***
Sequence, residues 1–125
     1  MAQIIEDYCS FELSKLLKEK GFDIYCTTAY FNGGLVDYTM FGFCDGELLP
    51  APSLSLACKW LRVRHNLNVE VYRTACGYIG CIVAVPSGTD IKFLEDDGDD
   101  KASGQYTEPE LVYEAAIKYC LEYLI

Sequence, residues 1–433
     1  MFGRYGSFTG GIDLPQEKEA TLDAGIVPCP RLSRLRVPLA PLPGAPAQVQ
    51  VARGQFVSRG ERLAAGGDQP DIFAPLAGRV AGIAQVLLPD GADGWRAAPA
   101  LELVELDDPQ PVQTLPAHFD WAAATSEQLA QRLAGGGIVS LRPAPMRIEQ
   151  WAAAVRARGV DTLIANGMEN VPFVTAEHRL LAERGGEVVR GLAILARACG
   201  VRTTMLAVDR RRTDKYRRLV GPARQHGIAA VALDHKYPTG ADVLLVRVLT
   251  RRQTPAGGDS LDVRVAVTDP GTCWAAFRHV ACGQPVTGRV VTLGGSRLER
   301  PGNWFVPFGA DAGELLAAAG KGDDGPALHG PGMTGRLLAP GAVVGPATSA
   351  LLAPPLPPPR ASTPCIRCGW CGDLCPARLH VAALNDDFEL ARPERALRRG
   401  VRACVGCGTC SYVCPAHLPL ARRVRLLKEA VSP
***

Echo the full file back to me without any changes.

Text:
Sequence, residues 1–125
     1  MAQIIEDYCS FELSKLLKEK GFDIYCTTAY FNGGLVDYTM FGFCDGELLP
    51  APSLSLACKW LRVRHNLNVE VYRTACGYIG CIVAVPSGTD IKFLEDDGDD
   101  KASGQYTEPE LVYEAAIKYC LEYLI

Sequence, residues 1–433
     1  MFGRYGSFTG GIDLPQEKEA TLDAGIVPCP RLSRLRVPLA PLPGAPAQVQ
    51  VARGQFVSRG ERLAAGGDQP DIFAPLAGRV AGIAQVLLPD GADGWRAAPA
   101  LELVELDDPQ PVQTLPAHFD WAAATSEQLA QRLAGGGIVS LRPAPMRIEQ
   151  WAAAVRARGV DTLIANGMEN VPFVTAEHRL LAERGGEVVR GLAILARACG
   201  VRTTMLAVDR RRTDKYRRLV GPARQHGIAA VALDHKYPTG ADVLLVRVLT
   251  RRQTPAGGDS LDVRVAVTDP GTCWAAFRHV ACGQPVTGRV VTLGGSRLER
   301  PGNWFVPFGA DAGELLAAAG KGDDGPALHG PGMTGRLLAP GAVVGPATSA
   351  LLAPPLPPPR ASTPCIRCGW CGDLCPARLH VAALNDDFEL ARPERALRRG
   401  VRACVGCGTC SYVCPAHLPL ARRVRLLKEA VSP